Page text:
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Giardina Coat of Arms / Giardina Family Crest

Giardina Coat of Arms / Giardina Family Crest

This French and Italian surname of GIARDINA was an occupational name, originally rendered in Old French as GARDIN. The name applied to a cultivator of edible produce in an orchard or kitchen garden, rather than to a tenderer of ornamental lawns and flower-beds. The name has been Anglicized to Gardiner, and has numerous other variants which include GAIRDINER, GARDYNE, JERDIN, GIARDINARO, IARDINO and GARTNER. The name was taken to England in the wake of the Norman Invasion of 1066, and the first of the name in England appears to be a Winfredus de Jardine who flourished before 1153 and witnessed charters by David I to the Abbeys of Kelso and Arbroath. Umfrid de Jardin witnessed a charter by Robert de Bruys to the Abbey of Arbroath c.1178 and as Humphrey del Gardin he witnessed a confirmation of a fishery in Torduf c.1194. Patrick de Gardinas was cleric to the Bishop of Glasgow c.1200 and Sir Humphrey de Gardino witnessed the sale of lands in Annandale in 1245. John Jardin of Applegarth granted a charter of lands to a George Hume in 1476. Later instances of the name include Jean Gerdian who was the servitrix (clerk and attendant) to the Marchioness of Douglas in 1712. Thomas Jardin and Elizabeth Washington were married in 1725 in London and Andrew Gray and Jane Jardine were married at St. George's church, Hanover Square, in the year 1759. Mr Andrew Gerden was a minister in Annendale in 1777 and Sir William Jardine, born in 1800, wrote several works on natural history. When the first immigrants from Europe went to America, the only names current in the new land were Indian names which did not appeal to Europeans vocally, and the Indian names did not influence the surnames or Christian names already possessed by the immigrants. Mostly the immigrant could not read or write and had little or no knowledge as to the proper spelling, and their names suffered at the hands of the government officials. The early town records are full of these mis-spelt names most of which gradually changed back to a more conventional spelling as education progressed. Translation of arms: Gules (red) denoted Military Fortitude and Magnanimity and the mullets (stars) were the ensign of Knightly Rank, common to the Heraldry of all nations. Argent (white) means peace and sincerity.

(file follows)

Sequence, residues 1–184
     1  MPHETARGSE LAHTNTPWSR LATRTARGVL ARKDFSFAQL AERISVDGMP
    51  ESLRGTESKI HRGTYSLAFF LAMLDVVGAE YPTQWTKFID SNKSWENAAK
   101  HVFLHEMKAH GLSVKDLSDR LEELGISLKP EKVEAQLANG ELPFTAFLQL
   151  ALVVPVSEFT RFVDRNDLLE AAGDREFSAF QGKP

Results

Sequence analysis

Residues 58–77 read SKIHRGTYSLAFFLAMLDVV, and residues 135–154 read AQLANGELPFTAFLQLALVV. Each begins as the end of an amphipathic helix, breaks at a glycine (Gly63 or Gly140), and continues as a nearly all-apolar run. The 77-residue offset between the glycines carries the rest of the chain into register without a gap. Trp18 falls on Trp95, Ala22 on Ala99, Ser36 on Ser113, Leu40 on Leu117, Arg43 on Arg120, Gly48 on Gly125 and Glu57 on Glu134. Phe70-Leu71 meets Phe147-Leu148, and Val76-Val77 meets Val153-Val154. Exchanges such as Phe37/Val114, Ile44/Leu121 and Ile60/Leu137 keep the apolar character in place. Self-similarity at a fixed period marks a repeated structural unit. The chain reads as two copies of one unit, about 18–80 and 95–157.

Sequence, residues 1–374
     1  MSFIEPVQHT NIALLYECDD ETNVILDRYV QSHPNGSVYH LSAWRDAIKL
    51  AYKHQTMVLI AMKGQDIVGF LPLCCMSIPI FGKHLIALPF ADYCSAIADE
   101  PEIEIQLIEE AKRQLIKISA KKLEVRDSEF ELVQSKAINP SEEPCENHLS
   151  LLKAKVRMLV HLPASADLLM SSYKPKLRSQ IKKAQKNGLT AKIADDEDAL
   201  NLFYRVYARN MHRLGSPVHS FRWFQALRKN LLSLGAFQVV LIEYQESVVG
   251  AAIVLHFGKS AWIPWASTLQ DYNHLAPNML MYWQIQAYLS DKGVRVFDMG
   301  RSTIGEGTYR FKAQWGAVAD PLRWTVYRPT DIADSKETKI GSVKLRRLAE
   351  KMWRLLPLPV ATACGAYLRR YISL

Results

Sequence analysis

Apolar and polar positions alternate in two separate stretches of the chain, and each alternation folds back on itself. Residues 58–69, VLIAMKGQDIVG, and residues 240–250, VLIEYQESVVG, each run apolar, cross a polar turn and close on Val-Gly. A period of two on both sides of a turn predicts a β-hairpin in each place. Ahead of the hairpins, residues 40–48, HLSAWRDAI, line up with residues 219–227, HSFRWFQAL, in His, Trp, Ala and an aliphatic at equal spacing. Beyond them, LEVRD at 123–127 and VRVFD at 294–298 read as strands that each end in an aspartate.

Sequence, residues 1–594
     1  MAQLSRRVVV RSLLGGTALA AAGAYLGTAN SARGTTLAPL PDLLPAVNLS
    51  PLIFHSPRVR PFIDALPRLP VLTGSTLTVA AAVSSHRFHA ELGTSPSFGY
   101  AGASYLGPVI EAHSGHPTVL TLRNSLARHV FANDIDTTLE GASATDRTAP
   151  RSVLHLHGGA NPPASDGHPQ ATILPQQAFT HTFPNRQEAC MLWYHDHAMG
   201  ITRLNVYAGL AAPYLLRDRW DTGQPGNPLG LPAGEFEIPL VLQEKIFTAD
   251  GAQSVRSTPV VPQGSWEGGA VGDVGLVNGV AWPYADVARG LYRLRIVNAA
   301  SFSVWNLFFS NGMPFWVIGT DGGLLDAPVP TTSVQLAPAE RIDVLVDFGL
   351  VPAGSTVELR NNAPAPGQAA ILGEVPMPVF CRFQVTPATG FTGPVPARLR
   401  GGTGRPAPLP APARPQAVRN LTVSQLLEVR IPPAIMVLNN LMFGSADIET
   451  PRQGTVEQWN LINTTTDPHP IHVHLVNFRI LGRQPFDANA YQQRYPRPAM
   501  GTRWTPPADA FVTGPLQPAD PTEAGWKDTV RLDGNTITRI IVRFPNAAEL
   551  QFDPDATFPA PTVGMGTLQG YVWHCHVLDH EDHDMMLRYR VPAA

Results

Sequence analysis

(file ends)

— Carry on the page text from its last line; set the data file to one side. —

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Last Updated: Dec. 1st, 2021

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